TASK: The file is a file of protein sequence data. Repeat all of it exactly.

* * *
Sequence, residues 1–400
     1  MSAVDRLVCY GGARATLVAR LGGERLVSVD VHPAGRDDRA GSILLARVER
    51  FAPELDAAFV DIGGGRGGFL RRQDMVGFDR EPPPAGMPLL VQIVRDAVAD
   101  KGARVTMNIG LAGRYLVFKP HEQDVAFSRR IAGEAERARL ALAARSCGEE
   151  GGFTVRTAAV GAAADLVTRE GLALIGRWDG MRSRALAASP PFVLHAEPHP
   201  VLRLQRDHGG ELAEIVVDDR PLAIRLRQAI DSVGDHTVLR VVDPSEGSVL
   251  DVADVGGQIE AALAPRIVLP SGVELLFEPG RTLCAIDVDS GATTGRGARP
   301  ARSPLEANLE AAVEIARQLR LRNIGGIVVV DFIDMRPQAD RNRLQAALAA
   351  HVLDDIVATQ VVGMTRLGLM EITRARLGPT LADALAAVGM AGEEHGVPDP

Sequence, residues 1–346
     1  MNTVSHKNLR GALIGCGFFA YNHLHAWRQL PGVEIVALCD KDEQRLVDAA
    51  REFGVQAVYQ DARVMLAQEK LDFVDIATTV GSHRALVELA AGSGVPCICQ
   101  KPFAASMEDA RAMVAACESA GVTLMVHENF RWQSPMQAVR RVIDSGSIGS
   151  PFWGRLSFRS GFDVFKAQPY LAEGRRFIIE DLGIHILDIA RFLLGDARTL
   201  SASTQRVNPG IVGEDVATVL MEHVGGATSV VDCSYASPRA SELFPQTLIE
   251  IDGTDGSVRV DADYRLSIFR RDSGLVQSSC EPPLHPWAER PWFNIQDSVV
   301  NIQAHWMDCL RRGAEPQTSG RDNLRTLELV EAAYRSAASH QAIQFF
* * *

Sequence, residues 1–400
     1  MSAVDRLVCY GGARATLVAR LGGERLVSVD VHPAGRDDRA GSILLARVER
    51  FAPELDAAFV DIGGGRGGFL RRQDMVGFDR EPPPAGMPLL VQIVRDAVAD
   101  KGARVTMNIG LAGRYLVFKP HEQDVAFSRR IAGEAERARL ALAARSCGEE
   151  GGFTVRTAAV GAAADLVTRE GLALIGRWDG MRSRALAASP PFVLHAEPHP
   201  VLRLQRDHGG ELAEIVVDDR PLAIRLRQAI DSVGDHTVLR VVDPSEGSVL
   251  DVADVGGQIE AALAPRIVLP SGVELLFEPG RTLCAIDVDS GATTGRGARP
   301  ARSPLEANLE AAVEIARQLR LRNIGGIVVV DFIDMRPQAD RNRLQAALAA
   351  HVLDDIVATQ VVGMTRLGLM EITRARLGPT LADALAAVGM AGEEHGVPDP

Sequence, residues 1–346
     1  MNTVSHKNLR GALIGCGFFA YNHLHAWRQL PGVEIVALCD KDEQRLVDAA
    51  REFGVQAVYQ DARVMLAQEK LDFVDIATTV GSHRALVELA AGSGVPCICQ
   101  KPFAASMEDA RAMVAACESA GVTLMVHENF RWQSPMQAVR RVIDSGSIGS
   151  PFWGRLSFRS GFDVFKAQPY LAEGRRFIIE DLGIHILDIA RFLLGDARTL
   201  SASTQRVNPG IVGEDVATVL MEHVGGATSV VDCSYASPRA SELFPQTLIE
   251  IDGTDGSVRV DADYRLSIFR RDSGLVQSSC EPPLHPWAER PWFNIQDSVV
   301  NIQAHWMDCL RRGAEPQTSG RDNLRTLELV EAAYRSAASH QAIQFF